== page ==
# 13.04.2015 | Blog Approximative data structures for natural language processing

Some say software developers draw their motivation from minimizing or maximizing numbers in any given problem. That's a smug innuendo. From my experience, developers are always on the lookout for beautiful solutions, of which numbers are but a symptom. The usage of approximative data structures for language processing is one such example of a beautiful idea with nice numbers.

When dealing with natural language we're often confronted with the need of storing and retrieving language statistics, as e.g. n-Gram distributions, word counts, document frequency counts, etc. Inherent to the discrete nature of language, most of these statistics fall into a key-value schema, i.e. for a particular key (say, a word) we want to know a number. Let's focus on one particularly well known statistics, the document frequency (DF). The DF of a word is the number of documents in a corpus in which this word appears. The DF is used in the computation of the TFIDF, a simple yet proven heuristic for determining relevance.

To put things into perspective, the English Wikipedia has around 7Mio articles and the same order of magnitude of distinct words. If we were to use a hash map for storing the DFs, we would need approximately 100MB of memory just to store the words and counters (add at least another 100MB for data structure overhead). Thats for one language and one kind of statistics. One way to achieve lower memory requirements is to abdicate precision. This is a small price to pay, since we're dealing with corpus statistics, an intrinsically noisy affair.

Count-Min Sketch [C&M 2005]* is a sub-linear space data structure for computing approximate frequencies. It allows us to trade-off exactitude for memory. By tuning its two only parameters ( ϵ and δ ) we can answer the question of how many times we have seen a word within ϵ ⋅ | w | (where | w | is the number of distinct words in a corpus) of the actual value with probability δ . The memory needed for this will be proportional to 1 ϵ ⋅ - log 2 ( 1 - δ ) . Count-Min Sketches (CMS) share some similarities with bloom filters by using pairwise independent hash functions and sharing memory among keys.

*Figure 1*

A CMS holds a two dimensional array of counters. The depth of the array determines the confidence probability ( δ ) and also the amount of hash functions we will use. The width determines the mean error we accept for count estimates. The two operations defined on a CMS are: add(key, value) and estimate(key). On add(key, value) we add value to the counters in the buckets corresponding to the computed hash values for each row using the independent hash functions (fig. 1). On estimate(key) we return the minimum value out of all corresponding buckets (fig. 2). As a side note: an easy improvement on the error expectation in detriment of a little runtime overhead is to change add(key, value) to only update the minimal buckets.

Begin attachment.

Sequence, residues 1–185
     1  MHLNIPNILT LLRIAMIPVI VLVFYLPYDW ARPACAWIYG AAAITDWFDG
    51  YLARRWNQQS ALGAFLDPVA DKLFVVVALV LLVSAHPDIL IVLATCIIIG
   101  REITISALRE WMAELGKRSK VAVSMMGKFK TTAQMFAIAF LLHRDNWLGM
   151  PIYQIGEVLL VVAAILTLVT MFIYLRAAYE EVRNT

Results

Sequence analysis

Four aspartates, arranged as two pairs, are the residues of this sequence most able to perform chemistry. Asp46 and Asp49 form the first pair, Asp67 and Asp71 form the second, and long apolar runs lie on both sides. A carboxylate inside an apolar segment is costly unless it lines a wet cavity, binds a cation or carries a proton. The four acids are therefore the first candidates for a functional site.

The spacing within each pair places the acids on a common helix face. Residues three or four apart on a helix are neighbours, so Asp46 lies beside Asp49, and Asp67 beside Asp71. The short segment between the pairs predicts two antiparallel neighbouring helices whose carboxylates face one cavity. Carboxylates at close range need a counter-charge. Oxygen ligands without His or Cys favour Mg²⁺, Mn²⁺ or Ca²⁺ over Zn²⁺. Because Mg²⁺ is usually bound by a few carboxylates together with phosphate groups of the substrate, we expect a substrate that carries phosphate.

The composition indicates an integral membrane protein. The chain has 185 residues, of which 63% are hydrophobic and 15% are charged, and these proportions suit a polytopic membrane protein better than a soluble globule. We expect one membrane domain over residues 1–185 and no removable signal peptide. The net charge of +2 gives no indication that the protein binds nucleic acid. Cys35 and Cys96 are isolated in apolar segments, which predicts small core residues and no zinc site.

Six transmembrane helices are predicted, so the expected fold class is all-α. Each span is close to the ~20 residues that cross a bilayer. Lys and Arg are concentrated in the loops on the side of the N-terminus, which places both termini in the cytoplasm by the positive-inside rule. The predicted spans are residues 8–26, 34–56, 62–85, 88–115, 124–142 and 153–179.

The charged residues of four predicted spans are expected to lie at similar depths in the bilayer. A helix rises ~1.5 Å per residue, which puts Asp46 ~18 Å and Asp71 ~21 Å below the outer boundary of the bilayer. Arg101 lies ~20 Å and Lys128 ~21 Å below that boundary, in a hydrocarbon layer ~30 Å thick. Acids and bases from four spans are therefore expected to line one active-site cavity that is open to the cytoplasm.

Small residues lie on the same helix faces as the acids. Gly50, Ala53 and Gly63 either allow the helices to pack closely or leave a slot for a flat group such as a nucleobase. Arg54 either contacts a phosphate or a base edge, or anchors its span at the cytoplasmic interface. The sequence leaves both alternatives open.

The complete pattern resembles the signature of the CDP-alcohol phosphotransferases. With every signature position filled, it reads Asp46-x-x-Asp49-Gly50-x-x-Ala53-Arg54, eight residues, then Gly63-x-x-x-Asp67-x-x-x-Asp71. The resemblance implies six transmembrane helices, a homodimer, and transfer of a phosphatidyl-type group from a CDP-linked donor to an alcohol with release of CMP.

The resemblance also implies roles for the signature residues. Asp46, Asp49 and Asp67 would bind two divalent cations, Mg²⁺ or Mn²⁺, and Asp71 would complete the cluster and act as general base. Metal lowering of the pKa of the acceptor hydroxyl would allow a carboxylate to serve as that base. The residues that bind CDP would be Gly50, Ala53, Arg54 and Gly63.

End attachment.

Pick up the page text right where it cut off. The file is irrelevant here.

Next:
*Figure 2*

One easy observation is that a CMS suffers under saturation, meaning that the precision guarantees depend on the number of distinct entries (words in our case); i.e. the more distinct words are added, the larger the chance of hash collisions distorting the counts. In a CMS errors are always positive, since there is no operation decreasing counter values. Yet another observation is that the errors have bigger impact on rare entries. Following the latter observation, CMS errors have a smoothing effect on word counts, which in NLP is something often required. As a cherry on the cake: CMSs have associative properties and can be elegantly distributed.

At IntraFind we have been using CMSs and other approximation techniques (e.g. sampling) in a few nlp applications with great success. We see approximative data structures as a vital technology block in a big data realm. At the present moment we are working on a novel approximative data structure, which we call a converging map, to store mappings from normal forms of terms or term compounds to their most frequent surface form appearing in a corpus, without the need of storing neither the normal forms nor the less frequent surface forms.

**Bibliography:**

- *[C&M 2005]: Cormode, G., & Muthukrishnan, S. (2005). An improved data stream summary: the count-min sketch and its applications. Journal of Algorithms, 55(1), 58-75.